There is always a film festival on. To survey just the last week of September 2014 there are (counting only those with a FIPRESCI jury): San Sebastian, Saint Petersburg, Reykjavik, Rio de Janeiro and Perm, the latter for sure being the most special of the lot, and not just because it happens in the same city that hosts the Flahertiana International Documentary Film Festival. Situated just west of Ural Mountains, Perm is Russia’s easternmost metropolis, with a million citizens on the European continent. It is the gateway to Siberia, a place you won't necessarily travel to for holidays — unless you plan on riding the Trans-Siberian Railway from Moscow to the Pacific. Then you would certainly do well to stop in Perm.
But anybody who is even slightly enthusiastic about documentaries can strongly be recommended to do the same. And they shouldn't be too worried about "Siberian" weather: the 14th edition of Flahertiana took place in a sunny and warm city blooming with Indian summer. No gloves were needed during the festival run from September 21st to 28th. With it's first edition held in 1995, the festival took place every two years until 2006, since then the festival is held annually with an International Jury and a FIPRESCI jury present.
This year FIPRESCI jury members had to consider 17 films presented in the International Competition, all of which were Russian premieres. With Flahertiana and its award-sculpture ("Nanook") being named after American filmmaker Robert Flaherty and his classic documentary Nanook of the North, the festival regulations draw on Flaherty's principles of filmmaking. So all films in competition really were "films where the hero lives on the screen a part of his life directed by the author according to the laws of dramatic art", with running times ranging from 19 to 85 minutes. The FIPRESCI prize was awarded to Abu Haraz by Polish filmmaker Maciel J. Drygas, a film which also convinced the international jury to honour it with its main prize, the Big Golden Nanook.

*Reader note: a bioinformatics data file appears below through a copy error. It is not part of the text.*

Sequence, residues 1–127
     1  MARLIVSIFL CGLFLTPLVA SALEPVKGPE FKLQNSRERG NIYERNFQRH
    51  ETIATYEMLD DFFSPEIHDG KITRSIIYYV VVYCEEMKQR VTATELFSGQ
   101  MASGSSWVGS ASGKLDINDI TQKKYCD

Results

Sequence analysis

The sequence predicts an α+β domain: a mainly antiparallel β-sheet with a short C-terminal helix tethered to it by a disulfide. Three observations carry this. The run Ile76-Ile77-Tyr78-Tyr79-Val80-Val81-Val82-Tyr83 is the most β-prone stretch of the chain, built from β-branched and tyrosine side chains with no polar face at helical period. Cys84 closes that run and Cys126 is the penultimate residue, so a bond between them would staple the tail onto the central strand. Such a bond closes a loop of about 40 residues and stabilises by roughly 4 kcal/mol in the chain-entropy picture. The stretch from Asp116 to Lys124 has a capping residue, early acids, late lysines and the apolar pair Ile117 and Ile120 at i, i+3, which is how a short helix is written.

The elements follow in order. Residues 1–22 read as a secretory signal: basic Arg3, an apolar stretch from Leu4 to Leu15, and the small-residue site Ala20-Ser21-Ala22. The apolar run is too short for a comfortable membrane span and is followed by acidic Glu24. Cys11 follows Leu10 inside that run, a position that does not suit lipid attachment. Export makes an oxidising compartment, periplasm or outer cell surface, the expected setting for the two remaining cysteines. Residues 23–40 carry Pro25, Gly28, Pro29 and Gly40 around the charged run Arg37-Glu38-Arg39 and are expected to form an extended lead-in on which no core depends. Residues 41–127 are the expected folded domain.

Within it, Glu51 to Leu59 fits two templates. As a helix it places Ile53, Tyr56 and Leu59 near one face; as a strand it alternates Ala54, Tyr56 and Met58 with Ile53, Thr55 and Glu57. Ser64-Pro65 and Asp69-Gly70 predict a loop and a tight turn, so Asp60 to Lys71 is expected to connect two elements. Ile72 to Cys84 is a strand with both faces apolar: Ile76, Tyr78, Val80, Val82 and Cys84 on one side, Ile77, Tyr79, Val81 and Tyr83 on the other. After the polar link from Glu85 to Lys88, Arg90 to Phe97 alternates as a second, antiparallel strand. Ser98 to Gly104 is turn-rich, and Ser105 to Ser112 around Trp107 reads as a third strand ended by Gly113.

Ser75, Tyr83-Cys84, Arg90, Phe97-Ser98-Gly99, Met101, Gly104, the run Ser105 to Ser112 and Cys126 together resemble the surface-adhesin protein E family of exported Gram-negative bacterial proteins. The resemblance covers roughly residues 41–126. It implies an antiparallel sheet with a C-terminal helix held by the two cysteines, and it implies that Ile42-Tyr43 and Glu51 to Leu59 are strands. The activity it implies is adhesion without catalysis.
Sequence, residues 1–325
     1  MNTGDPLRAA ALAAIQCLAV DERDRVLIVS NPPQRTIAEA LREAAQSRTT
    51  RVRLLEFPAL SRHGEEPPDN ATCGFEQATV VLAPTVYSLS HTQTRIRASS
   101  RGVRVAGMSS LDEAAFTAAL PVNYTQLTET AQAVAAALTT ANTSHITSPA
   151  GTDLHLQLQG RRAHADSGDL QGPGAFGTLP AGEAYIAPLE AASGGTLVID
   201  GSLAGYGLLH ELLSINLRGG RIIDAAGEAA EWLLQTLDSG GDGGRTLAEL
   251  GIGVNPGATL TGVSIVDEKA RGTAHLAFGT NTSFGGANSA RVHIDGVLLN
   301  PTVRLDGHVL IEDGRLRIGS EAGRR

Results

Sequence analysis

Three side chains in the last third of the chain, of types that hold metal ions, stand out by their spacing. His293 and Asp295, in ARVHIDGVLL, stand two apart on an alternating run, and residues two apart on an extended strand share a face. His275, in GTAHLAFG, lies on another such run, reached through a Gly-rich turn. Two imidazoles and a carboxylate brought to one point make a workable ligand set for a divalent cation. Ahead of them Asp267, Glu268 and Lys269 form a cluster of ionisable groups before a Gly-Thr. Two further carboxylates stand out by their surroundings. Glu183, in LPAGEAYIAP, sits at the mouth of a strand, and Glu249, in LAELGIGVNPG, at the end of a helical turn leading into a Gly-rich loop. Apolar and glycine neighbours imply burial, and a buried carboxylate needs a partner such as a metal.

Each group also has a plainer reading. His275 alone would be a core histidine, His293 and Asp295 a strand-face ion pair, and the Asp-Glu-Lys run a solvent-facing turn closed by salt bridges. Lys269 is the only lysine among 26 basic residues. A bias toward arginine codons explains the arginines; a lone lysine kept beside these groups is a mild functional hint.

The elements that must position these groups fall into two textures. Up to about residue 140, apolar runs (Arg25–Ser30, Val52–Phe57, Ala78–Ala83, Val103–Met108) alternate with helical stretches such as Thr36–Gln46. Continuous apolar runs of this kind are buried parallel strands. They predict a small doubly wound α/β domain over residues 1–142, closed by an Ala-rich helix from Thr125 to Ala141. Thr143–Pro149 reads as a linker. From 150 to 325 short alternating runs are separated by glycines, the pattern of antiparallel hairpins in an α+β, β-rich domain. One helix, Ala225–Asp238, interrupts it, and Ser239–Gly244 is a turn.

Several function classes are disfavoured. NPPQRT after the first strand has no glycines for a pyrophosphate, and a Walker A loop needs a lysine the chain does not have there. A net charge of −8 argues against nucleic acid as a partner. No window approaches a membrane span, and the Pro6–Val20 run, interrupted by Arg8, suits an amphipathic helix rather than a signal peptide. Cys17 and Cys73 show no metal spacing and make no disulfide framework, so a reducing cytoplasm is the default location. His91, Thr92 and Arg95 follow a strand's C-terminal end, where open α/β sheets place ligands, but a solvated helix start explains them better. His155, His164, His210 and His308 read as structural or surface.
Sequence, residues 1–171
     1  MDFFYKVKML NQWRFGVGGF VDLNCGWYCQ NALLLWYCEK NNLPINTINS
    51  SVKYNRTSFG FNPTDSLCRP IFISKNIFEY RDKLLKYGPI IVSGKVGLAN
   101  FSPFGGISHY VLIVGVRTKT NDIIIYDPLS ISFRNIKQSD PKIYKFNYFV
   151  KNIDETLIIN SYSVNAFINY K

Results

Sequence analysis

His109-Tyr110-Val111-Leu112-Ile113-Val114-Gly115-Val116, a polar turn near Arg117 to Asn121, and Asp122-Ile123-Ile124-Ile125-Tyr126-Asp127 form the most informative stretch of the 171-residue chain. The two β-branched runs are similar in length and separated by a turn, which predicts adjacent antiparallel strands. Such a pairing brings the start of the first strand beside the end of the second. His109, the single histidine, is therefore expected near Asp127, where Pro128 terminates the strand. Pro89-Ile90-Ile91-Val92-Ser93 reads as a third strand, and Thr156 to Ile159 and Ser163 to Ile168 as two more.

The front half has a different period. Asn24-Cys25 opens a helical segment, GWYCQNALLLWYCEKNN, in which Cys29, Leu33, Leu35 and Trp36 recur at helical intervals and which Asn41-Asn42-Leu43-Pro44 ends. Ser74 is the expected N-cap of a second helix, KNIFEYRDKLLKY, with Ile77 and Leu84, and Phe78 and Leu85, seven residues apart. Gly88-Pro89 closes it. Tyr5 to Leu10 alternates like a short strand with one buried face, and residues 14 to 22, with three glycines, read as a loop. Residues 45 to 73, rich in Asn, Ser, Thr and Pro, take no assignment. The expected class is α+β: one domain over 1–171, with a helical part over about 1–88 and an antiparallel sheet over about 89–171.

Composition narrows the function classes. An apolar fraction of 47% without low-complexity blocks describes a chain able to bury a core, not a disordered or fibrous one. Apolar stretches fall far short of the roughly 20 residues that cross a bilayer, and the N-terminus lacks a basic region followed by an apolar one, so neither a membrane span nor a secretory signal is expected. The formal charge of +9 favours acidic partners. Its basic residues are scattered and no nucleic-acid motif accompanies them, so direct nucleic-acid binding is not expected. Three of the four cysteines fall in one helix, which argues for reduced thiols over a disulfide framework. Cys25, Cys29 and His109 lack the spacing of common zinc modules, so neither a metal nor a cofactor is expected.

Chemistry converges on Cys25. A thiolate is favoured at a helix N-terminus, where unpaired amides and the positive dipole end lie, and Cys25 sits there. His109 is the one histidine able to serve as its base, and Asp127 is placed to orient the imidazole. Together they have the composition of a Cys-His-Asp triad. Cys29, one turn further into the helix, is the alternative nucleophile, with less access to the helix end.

Apart from the international competition and the "Russian Flahertiana" program (which this year included 17 Russian films) the festival offers numerous sidebar programs. In the 14th edition, besides a "Focus Germany" and a "Focus Caucasus", there was a special program in memory of cinematographer and documentary film director Sergei Skvortsov and an evening with two premiere films by Boris Karadzhev. At Flahertiana, documentary filmmaking isn't only alive on screen: the festival buzzes with workshops, lectures and discussions, and with "Flahertiana for Kids" making it also an educational space teeming with life.
This year a really special event took place on the last day of the festival: the unveiling of the monument to famous Russian documentary filmmaker Anatoly Baluev in his native village Kochyovo. It is the first monument in the world to a documentary filmmaker. (Kirsten Kieninger)
Flahertiana Documentary Film Festival Perm: www.flahertiana.perm.ru/2014/english/index.html